Always remember that gembone will vary in color from one end to end unless you see it has an extremely uniform nature. An odd thing about excellent quality bone, regardless of whether it is red, yellow, or even orange outside is, it is extremely unlikely the inside is the same color. Although red gembone is fairly predictable as red inside, it may have dead areas inside without cells. These dead areas are where the minerals that formed the gembone meet and look like meandering rivers across a nice background of cells otherwise. Frequently when gembone forms you end up with the finest on one end and the other end of far lesser quality. There is often a desert varnish around the outside. This varnish may be bright colored where the inside is not and vice versa.
Occasionally banded agate cells are formed in gembone under just the right conditions. Some of the prettiest looking are extra large ghostly cells of every imaginable shape and size. There are fortified cells full of crystal centers where some are banded or fortified, while others are patterned in wild fashions. Others are rounded in concentric like circles of differing colors. Others may contain miniature waterline agates within the cells. Rare gembone is multi-colored with multiple banded cells. Even better if there are multiple colored cells inside of cells scattered across an entire unfractured surface. These are the genuine stars of gembone! Banded cells come in all sizes from microscopic to enormous. When these combine with multi-colored bands scattered like stars surrounded by rainbows, you have found some of the worlds finest. Occasionally the inside of the cells will be filled with vibrant colors as well, where all one can do is appreciate the sheer beauty and say ooh or aah. Vertebras and large bone ends tend to have large cells and are a good place to seek these patterns.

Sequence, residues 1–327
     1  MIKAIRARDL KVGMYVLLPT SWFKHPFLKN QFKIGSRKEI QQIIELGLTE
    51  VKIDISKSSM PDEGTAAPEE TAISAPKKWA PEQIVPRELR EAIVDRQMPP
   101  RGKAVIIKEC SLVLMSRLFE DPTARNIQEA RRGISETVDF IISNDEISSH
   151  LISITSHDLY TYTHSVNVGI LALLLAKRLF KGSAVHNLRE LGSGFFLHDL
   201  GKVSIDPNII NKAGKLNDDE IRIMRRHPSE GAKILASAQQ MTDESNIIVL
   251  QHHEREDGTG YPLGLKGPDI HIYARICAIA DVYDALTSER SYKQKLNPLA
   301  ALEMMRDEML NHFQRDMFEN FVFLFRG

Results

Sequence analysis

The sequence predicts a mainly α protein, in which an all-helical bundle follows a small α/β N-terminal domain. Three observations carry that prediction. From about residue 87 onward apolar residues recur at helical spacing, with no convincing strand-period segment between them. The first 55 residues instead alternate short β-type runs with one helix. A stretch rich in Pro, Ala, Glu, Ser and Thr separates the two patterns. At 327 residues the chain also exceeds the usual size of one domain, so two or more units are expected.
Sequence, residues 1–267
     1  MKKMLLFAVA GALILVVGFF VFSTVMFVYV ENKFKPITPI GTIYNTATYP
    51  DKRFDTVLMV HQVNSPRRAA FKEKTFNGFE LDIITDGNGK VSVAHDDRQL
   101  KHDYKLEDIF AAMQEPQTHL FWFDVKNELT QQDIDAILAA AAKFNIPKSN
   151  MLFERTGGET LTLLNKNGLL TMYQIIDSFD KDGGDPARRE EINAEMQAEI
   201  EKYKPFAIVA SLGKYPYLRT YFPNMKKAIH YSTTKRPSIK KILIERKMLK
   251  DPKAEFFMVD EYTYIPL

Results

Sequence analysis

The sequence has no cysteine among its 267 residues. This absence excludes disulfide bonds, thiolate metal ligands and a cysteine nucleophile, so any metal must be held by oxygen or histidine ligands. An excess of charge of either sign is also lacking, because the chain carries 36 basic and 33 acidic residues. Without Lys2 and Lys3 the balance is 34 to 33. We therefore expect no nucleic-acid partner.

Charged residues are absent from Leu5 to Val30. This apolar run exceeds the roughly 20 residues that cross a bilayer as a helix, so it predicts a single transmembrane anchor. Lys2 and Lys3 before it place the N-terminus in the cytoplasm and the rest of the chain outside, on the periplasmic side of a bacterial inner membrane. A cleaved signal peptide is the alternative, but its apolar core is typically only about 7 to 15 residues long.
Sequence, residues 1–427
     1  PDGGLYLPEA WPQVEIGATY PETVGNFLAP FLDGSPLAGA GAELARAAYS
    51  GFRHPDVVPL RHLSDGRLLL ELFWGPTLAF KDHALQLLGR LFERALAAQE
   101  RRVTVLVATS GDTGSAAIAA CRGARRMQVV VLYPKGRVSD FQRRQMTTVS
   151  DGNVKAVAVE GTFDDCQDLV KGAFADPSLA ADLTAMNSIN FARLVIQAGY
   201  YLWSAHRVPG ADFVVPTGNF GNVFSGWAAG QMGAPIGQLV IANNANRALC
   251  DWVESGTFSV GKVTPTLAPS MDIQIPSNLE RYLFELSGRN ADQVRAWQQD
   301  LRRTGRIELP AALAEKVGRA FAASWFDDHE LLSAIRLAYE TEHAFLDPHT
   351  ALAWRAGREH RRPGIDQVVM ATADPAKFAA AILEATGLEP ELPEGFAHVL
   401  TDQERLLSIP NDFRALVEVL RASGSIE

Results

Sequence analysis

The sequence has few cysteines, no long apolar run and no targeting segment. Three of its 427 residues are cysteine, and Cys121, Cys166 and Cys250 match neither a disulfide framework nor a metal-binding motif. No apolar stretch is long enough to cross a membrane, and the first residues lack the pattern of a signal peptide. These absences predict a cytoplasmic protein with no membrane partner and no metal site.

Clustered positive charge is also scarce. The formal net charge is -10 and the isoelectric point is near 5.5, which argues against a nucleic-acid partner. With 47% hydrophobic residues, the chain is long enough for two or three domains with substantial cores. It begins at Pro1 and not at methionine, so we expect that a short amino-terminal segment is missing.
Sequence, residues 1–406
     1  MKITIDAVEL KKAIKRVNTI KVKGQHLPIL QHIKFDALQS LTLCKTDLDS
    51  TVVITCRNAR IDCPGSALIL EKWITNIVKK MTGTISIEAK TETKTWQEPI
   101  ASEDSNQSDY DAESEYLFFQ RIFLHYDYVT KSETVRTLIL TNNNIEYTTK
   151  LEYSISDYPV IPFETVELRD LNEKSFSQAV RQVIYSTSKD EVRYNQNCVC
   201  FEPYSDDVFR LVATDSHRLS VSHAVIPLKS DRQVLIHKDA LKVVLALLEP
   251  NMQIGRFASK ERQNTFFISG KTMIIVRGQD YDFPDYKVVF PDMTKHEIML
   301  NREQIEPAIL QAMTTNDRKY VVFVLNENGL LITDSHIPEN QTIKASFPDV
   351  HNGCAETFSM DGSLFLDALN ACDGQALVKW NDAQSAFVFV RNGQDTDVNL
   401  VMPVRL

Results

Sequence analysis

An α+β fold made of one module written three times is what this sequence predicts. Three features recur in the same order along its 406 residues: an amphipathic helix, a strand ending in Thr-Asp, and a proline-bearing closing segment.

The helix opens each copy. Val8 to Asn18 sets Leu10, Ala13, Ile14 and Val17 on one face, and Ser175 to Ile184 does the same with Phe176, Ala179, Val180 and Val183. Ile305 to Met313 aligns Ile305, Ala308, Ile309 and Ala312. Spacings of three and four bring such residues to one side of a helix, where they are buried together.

Gembone comes in a multitude of colors with yellow and green being rarer colors. There is a color called candy-colored I believe that is the most uncommon which includes banded cells of every color including the yellows, greens, blues, oranges, reds, and many shades in between. It may be as rare or rarer then canary yellow. Blue gembone ranges in rarity from reasonable to extremely rare for baby blue which is seldom seen. Greens aren’t always rare as there are some very pretty colors of green and some less so. Many greens are softer bone and few are hard agate. The intensity of color applies to yellows as canary is quite valuable and mustard is less. A myriad of minerals add color to gembone. Irons added reds, browns, blacks, sulfur added yellows, copper caused greens and blues, manganese caused pinks and pastels, and the silica cause whites and grays.